Monday, April 16, 2007

Journalism is as journalism does

Courtesy of The American Muslim, we get this fascinating story:
Three articles published in The Milli Gazette (MG) print and online editions have been nominated for the European Commission’s prestigious media award ‘Lorenzo Natali Prize 2006’ for journalism given for writings on Human Rights and Democracy issues in the developing countries.
Well, first things first. What is the Lorenzo Natali Prize? Come to think of it, who is or was Lorenzo Natali? Fear not, the information is available:
The Natali Prize for journalism is a price for excellence in reporting on human rights, democracy and development issues. It was created in 1992 by the European Union to promote quality in journalism and to commemorate the devotion of Lorenzo Natali, the former Vice-President of the European Commission in charge of development cooperation between 1985 and 1989. His work and commitment contributed significantly to increase the importance of development cooperation within the policies of the then European Communities.

The Natali Prize emphasizes that the right to information is a prerequisite for freedom of expression. Freedom of information is a prerequisite for democracy, and for sustainable and balanced social and economic development.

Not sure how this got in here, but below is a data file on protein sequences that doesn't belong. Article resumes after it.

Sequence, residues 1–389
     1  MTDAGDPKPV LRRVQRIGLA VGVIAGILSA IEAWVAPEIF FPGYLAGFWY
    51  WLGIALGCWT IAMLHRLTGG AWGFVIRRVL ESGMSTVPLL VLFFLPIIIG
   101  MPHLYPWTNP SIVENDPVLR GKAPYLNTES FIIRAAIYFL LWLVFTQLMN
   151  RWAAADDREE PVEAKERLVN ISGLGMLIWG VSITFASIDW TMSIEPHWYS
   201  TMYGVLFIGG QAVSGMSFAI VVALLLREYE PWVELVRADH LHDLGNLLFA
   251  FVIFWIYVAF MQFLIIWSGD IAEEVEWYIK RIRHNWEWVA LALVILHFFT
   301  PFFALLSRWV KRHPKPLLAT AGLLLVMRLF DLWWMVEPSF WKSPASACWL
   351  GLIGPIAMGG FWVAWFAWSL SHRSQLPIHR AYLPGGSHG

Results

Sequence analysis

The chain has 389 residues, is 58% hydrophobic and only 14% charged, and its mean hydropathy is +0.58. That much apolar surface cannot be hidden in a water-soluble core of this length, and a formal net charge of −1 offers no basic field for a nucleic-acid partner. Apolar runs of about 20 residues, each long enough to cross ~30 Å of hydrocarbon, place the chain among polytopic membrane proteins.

And so on, and so on. Well, I wouldn’t argue with the second paragraph – freedom of expression, which, sadly, is not encouraged in a very large number of countries, all of them in the UN, is a prerequisite for all those things.

However, I do wonder why a journalism prize is called after an Italian (or any other) politician who eventually fetched up as a Commissioner, a Vice-President of the Commission, no less. What does his career have to do with freedom of expression?

According to the website there were 1,500 nominations so it is not clear how important the news story in The American Muslim is. In fact, it might be worth having a look at The Milli Gazette, which turns out to be the Indian Muslims’ leading English newspaper, full of stories on such matters as “One Million Iraqi Deaths” on the basis of some very dodgy calculations, though, you could argue that is no worse than articles in The Lancet, and a seriously incompetent account of what they call “a Hindu-Jewish Summit”.

Not a whole lot about democracy though or free speech. Still, there might have been a few articles on the subject. What does The American Muslim tell us?
The three articles are: ‘Muslims are trying to integrate, despite New Labour’s best efforts’ by Nasser Amin, a postgraduate at the School of Oriental and African Studies (SOAS), University of London (MG, 15 September 2006); ‘Peoples’ Democratic Front holds first open meeting’ by Masood Hasan, a Lahore-based columnist (MG, 06 June 2006); and ‘Pope’s attack on Islam was no casual slip’ by Abdus Sattar Ghazali, Executive Editor of American Muslim Perspective (MG, 16 September 2006).
Human rights, democracy and development? Anything, for instance, on the lack of any of those three in most Muslim countries? Well, errm, no, not this time. I shall wait for the results, to be published on the internet in May, with bated breath.


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